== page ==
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Tree myths: So much of what you've been told is wrong

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By Joel M. Lerner
Saturday, February 6, 2010

Many planting practices that were thought critical to the health of trees are simply myths. Some ideas that have long been accepted by experts have proven to be incorrect. This is understandable because it can take generations to comprehend the sophisticated systems of these magnificent plants. While you're enjoying the warm and cozy indoors this winter, let's examine some tree myths.

Myth 1: Newly planted trees need to be staked or guy-wired.

This is generally incorrect. Balled-and-burlapped and large-container trees are bottom-heavy, so they can stand on their own. Wiring them in place kills far more trees than it helps because in most cases the wires are never removed. As trees grow, living layers of tissue called cambium, just under the bark, grow around guy wires, interrupting the vital flow of nutrients that travel through the vascular system. Trees will ultimately die when guy wires cut off circulation.

It's not staking and using guy wires that kill trees, but the lack of stewardship. This is a common problem, especially for street trees that are planted in holes and never given care again. Without removing stakes within one year of planting, and without enough water, trees die. Some homeowners continue to believe that unless trees are staked into place, a tree hasn't been professionally installed. Yet the latest advice from arboriculturists and horticultural researchers is to plant trees in the ground properly, allowing them to bend in the wind, which will help them grow stronger. If a tree is a little crooked, you can easily straighten it the next growing season.

One exception to this rule is if you are planting a bare-root tree or one that is a poorly rooted plant from a container. In those situations, staking might be necessary. Drive stakes outside the root ball, using ties that can be fastened loosely around tree branches. Old hosiery is effective as tree ties. But no matter what you use, closely monitor trees to make sure they are not being cut into.

Myth 2: When planting a tree, dig the hole twice as wide and twice as deep as the root ball, installing it so the tree trunk is planted at ground level and making sure you have properly prepared the soil.

Install root balls about 25 percent higher than ground level. Place the tree or shrub, and then fill the hole with a mixture of one-third compost and two-thirds native soil. Pack the soil mixture firmly so that any air pockets are filled in. Water the tree well, making sure the soil stays moist, but not wet, while the plant establishes itself, or until the ground freezes, if you've planted in fall or winter.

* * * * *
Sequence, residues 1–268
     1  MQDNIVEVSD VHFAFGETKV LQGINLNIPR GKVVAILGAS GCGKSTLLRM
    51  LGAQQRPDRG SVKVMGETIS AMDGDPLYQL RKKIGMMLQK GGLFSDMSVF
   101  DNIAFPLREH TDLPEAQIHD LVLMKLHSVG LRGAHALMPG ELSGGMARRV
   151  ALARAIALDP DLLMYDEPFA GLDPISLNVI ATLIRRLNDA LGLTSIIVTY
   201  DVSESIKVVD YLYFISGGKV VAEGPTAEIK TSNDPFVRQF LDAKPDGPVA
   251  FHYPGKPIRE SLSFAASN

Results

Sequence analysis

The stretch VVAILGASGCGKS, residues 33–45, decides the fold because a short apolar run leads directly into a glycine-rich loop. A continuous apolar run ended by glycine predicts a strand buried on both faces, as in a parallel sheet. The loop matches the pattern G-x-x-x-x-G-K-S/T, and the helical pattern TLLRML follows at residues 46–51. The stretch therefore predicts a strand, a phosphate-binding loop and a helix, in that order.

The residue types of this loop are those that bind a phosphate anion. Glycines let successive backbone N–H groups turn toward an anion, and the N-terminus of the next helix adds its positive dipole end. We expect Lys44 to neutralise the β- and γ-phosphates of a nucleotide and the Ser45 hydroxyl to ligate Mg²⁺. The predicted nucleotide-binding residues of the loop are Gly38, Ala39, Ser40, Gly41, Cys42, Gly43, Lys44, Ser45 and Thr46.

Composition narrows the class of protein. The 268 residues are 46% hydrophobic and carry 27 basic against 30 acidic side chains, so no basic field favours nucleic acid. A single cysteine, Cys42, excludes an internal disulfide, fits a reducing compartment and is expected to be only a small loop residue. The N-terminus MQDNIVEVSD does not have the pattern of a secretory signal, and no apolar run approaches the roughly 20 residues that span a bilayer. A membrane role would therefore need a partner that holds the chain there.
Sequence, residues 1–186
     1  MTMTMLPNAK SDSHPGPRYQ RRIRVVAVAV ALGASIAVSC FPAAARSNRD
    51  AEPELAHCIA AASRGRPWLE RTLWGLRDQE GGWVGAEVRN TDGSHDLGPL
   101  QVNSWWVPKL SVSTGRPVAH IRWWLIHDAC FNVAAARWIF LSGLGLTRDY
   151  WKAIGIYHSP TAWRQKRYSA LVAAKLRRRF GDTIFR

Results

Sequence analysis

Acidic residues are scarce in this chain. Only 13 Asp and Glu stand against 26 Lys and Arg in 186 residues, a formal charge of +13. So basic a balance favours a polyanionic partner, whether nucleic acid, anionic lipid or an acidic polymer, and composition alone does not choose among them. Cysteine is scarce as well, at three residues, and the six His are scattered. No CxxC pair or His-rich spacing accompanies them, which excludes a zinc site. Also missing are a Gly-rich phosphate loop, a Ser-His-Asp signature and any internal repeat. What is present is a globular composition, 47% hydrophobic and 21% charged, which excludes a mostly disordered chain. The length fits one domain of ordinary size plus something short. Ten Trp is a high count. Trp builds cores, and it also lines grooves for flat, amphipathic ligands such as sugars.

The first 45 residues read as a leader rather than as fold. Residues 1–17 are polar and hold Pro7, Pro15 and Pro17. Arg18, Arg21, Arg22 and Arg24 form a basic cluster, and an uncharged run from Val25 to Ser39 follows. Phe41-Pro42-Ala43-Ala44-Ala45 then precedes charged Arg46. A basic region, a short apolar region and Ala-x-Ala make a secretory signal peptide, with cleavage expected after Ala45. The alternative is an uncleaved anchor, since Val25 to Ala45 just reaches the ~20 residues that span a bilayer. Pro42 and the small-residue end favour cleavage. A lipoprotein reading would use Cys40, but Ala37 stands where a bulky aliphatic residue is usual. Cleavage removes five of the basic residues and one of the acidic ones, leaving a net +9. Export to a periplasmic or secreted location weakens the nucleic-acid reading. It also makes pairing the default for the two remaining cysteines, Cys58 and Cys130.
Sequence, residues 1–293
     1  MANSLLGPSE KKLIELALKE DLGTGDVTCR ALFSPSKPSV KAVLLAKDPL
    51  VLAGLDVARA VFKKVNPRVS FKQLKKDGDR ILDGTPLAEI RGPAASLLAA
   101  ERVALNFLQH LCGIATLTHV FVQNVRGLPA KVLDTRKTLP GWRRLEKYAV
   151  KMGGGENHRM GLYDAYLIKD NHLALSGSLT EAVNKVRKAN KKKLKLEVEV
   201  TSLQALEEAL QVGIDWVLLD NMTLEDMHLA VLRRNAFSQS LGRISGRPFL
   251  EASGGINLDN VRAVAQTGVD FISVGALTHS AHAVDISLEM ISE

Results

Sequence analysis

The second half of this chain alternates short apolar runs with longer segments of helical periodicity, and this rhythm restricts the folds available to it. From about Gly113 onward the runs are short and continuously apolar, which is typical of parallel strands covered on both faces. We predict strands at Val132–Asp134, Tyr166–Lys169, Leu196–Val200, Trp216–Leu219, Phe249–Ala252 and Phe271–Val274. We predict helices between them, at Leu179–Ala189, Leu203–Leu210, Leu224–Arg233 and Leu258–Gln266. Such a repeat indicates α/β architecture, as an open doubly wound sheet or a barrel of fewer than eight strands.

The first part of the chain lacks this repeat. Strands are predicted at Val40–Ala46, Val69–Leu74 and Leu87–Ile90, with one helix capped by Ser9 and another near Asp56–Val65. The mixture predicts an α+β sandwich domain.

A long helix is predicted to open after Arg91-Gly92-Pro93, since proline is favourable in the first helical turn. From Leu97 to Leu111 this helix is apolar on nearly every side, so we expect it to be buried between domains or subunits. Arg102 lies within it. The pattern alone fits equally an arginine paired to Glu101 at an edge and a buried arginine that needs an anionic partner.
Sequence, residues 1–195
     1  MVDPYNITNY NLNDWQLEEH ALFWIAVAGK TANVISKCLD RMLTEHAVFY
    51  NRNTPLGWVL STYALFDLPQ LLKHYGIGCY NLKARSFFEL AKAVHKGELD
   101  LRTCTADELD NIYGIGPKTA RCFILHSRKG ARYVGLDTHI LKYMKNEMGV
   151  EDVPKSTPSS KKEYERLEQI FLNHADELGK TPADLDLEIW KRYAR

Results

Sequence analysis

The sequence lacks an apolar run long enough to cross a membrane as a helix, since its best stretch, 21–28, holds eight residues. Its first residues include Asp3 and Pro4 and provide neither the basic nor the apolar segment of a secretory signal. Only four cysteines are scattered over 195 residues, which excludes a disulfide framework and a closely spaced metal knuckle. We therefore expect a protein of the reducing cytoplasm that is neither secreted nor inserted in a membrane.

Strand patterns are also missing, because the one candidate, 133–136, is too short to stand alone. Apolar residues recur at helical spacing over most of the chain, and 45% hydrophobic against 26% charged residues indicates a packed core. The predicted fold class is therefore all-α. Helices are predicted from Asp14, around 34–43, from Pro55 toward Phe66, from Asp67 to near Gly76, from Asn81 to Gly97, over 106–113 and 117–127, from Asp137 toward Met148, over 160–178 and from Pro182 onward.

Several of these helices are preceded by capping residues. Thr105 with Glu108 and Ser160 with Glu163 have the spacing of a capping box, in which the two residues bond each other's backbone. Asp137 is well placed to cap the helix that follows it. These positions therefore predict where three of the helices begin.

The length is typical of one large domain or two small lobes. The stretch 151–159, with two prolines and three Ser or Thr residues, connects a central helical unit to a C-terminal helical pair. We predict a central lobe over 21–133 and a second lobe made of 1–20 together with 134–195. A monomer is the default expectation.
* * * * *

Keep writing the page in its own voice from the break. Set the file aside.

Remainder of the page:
Research indicates that newly planted trees do best on a solid platform of soil. Planting trees and shrubs too deeply is a common mistake that can lead to killing the plant. Avoid allowing the root collar (the flare just above the point where the roots join the main trunk) to be covered with soil or mulch. The roots need moisture, but the bark and root collar need air. If you cover them with soil, the bark will rot, causing the same girdling effect as wire. The plant won't die right away; it might decline over a period of years. If you have trees balled in burlap, be sure to remove any ties that are holding the burlap to the trunk. If ties are inadvertently left, they will girdle the tree and eventually kill it. I have seen this occur a number of times.

Myth 3: Newly planted trees should be "fed" regularly.

Trees don't eat. They absorb nutrients and can be fertilized in fall with a general-purpose dry fertilizer using a broadcast spreader over the surface of the root zone. Use a product with an analysis of about 10-6-4 (nitrogen-phosphorous-potash). Trees receive their nourishment through osmosis and need moisture to absorb these minerals through their cells. They require a balance of properly moist soil that has been prepared to allow enough air space for the roots to grow and absorb the minerals that the soil contains. Clay is loaded with minerals, and if it's mixed with enough organic matter, it will be easy for trees' roots to reach out and take what they need.

Container trees that come from nurseries are often planted in soilless potting mixes. Because there is no soil in the mix, there will be no soil nutrients released from the medium. You will want to pay special attention to these and be sure to use a general-purpose dry fertilizer for the first couple of years while they are establishing. Never put fertilizer into the planting hole when installing.

Test soil before planting. The pH, or acid-to-alkaline balance, needs to be correct. Some trees, such as hickories and oaks, like a more acidic soil. Others prefer "sweeter" soil. Have the soil tested through the local County Cooperative Extension Service in your area. The USDA's National Institute of Food and Agriculture, www.csrees.usda.gov, has a listing of offices.


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